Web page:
So he bathed his bruises with much water, and reduced their excesses to some extent, but not enough to escape the eye of his hostess when he appeared at breakfast.
“Bin fighting?” she queried dispassionately.
“A one-sided fight. Tom Hamon was drunk last night and hit me in the face, but he was not in a condition to fight or I’d have taught him better manners.”
“He’s a rough piece,” with a disparaging shake of the head. “It’d take a lot to knock him into shape. Try this,” and she delved among her stores, and found him an ointment of her own compounding which took some of the soreness out of his bruises.
But black eyes and swollen noses are impertinently obtrusive and disdainful of disguise, and the captain’s battle-flags provoked no little jocosity among his men that morning.
“Run up against su’then, cap’n?” asked John Hamon the engineer, who was one of the few who sided with him.
“Yes, against a drunken fist in the dark. When it’s sober I’m going to give it a lesson in manners.”
“Drunken fisses is hard to teach. You’ll have your hands full, cap’n.”
It seemed an unusually long morning, but dinner-time came at last and he hastened across to the farm, eager for the first sight of the sweet shy face hiding in the big sun-bonnet.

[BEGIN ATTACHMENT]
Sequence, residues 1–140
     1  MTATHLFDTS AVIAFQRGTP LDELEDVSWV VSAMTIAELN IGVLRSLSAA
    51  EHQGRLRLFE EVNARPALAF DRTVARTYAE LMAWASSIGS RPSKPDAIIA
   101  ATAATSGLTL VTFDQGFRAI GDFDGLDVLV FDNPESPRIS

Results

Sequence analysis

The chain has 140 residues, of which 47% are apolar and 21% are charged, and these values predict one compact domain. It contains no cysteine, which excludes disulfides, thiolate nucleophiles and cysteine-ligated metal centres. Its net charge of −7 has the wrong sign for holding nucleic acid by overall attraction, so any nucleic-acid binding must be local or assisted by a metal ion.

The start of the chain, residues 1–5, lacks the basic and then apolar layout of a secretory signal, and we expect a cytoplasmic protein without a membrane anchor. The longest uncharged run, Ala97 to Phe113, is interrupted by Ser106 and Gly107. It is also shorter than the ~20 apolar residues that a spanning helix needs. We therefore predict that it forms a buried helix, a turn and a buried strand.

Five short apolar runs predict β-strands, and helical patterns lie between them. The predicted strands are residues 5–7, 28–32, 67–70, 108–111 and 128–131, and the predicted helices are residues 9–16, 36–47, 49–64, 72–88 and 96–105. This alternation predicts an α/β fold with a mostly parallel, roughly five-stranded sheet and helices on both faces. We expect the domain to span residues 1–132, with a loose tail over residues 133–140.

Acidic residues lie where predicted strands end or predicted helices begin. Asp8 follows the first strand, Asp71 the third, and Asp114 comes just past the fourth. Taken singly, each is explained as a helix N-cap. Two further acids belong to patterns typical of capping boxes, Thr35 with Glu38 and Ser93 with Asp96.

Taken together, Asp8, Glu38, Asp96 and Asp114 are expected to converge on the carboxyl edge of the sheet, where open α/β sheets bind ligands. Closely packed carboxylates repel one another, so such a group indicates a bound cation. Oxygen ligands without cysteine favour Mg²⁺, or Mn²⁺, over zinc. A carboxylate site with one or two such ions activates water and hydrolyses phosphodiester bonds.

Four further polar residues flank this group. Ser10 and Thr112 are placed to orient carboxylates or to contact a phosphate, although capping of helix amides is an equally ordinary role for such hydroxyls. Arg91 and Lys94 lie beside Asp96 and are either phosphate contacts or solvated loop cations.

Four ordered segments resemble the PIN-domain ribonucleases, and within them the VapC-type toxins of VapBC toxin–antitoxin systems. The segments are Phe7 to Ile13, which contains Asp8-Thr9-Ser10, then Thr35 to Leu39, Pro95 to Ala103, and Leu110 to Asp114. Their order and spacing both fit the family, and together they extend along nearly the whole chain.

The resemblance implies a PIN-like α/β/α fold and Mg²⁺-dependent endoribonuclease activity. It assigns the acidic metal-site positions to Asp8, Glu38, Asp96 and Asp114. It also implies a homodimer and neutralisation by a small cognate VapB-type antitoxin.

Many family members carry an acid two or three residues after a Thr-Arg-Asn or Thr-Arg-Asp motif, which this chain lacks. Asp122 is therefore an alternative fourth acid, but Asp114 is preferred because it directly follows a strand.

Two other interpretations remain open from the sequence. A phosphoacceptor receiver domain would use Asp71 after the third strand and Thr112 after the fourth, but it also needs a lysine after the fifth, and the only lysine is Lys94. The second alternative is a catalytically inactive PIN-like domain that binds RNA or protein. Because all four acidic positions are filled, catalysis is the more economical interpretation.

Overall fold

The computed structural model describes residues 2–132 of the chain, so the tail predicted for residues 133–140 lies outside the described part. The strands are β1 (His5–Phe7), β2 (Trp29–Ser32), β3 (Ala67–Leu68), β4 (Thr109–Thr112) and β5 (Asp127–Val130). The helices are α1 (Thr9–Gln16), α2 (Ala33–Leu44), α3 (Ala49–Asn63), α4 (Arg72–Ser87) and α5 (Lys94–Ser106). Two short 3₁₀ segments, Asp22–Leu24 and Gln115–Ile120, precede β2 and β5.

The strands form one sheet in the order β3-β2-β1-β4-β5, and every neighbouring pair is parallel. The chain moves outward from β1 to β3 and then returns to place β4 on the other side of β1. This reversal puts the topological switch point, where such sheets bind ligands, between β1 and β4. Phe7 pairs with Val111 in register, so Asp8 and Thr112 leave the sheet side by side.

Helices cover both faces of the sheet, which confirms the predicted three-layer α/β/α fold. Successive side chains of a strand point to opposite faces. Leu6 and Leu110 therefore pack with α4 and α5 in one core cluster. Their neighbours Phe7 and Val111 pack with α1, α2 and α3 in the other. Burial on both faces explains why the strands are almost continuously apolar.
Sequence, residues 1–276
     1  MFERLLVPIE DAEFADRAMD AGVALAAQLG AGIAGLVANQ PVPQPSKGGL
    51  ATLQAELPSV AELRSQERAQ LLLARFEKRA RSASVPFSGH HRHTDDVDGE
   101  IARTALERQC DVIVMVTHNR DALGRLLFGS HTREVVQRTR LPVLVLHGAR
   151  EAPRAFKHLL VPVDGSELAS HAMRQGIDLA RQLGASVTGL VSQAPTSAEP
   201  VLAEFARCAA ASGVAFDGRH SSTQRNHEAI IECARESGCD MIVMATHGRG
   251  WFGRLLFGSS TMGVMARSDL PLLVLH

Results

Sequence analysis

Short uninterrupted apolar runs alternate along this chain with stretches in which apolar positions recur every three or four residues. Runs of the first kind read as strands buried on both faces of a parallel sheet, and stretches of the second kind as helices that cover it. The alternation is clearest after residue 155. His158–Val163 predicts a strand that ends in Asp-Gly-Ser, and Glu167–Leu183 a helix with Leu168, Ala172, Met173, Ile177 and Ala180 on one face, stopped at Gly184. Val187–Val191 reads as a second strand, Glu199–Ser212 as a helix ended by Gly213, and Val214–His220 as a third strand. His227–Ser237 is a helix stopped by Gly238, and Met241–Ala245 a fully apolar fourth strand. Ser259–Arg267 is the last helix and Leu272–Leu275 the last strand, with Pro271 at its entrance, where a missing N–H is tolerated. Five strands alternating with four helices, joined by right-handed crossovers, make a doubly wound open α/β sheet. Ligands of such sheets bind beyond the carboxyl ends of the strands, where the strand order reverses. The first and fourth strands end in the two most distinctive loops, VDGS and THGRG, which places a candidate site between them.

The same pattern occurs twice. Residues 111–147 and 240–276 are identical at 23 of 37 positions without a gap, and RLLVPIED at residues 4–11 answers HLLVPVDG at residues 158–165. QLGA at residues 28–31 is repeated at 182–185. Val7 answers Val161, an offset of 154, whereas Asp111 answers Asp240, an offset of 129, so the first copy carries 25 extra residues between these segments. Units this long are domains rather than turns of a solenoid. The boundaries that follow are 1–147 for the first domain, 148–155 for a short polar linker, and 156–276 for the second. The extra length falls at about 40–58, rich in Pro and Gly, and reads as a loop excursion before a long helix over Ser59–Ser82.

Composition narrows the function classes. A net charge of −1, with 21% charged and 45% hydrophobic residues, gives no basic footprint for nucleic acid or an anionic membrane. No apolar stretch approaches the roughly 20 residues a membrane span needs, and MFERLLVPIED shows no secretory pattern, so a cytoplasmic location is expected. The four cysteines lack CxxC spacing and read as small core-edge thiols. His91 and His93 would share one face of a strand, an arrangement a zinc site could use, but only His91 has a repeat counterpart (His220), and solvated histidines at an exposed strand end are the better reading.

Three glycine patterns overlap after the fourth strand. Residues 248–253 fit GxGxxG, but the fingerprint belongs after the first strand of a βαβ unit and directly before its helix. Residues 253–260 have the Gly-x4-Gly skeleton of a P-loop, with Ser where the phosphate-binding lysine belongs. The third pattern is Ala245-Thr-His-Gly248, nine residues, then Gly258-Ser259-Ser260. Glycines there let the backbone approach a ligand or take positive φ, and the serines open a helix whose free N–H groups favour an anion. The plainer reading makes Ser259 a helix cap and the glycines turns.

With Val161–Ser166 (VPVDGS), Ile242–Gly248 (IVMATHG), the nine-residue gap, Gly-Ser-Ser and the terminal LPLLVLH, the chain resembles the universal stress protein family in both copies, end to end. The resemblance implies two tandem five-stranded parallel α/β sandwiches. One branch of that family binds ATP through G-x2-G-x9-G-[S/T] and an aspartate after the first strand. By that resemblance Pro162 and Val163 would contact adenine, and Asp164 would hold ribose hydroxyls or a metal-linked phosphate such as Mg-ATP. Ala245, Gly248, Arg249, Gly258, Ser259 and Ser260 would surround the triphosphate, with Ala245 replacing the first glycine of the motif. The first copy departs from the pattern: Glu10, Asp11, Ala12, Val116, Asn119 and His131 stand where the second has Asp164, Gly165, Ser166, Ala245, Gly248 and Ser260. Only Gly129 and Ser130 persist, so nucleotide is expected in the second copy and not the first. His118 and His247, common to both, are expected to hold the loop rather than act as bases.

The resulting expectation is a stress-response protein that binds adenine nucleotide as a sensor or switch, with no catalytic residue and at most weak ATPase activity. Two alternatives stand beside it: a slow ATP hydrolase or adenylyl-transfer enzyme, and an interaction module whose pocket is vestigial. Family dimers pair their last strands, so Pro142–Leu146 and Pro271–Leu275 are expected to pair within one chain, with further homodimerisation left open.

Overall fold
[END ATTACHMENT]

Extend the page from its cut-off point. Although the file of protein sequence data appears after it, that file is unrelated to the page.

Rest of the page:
Quite contrary to his expectations Nance came hurrying to meet him. She had evidently been on the watch for him. Still more to his surprise, her face, instead of that look of shy reserve which he had been prepared for, was full of anxious questioning. The large dark eyes were full of something he had never seen in them before.
“Why—Nance—dear! What is the matter?” he asked quickly.
“Did you meet Tom again last night? Oh,” at nearer sight of his bruised face, “you did, you did!”
“Yes, dear, I did. Or rather he met me—as you see.”
“Did you fight with him?” she panted.
“He was too drunk to fight. He ran at me and gave me this, and my first inclination was to give him a sound thrashing. Then I saw it would be no good, in the condition he was in, so I just kept him at arm’s length till he tired of it. He went off at last, and I was so afraid he might tumble off the Coupee that I followed him, and he hurled rocks at me whenever he came to a stand. But he got across all right, and I went back and went to bed. Now, what’s all the trouble about?”
“He never came home,” she jerked, with a catch in her voice which thought only of Tom had never put there.
“Never came home?”
“And they’re all out looking for him.”
“I wonder if he went back to Peter Mauger’s.... If he tried to cross that Coupee again—in the condition he was in—”
“He didn’t go back to Peter’s. Julie went there first of all to ask.”
“Good Lord, what can have become of him?”
The answer came unexpectedly round the corner of the house—Julie Hamon, in a state of utmost dishevelment and agitation, which turned instantly to venomous fury at the sight of Gard and Nance.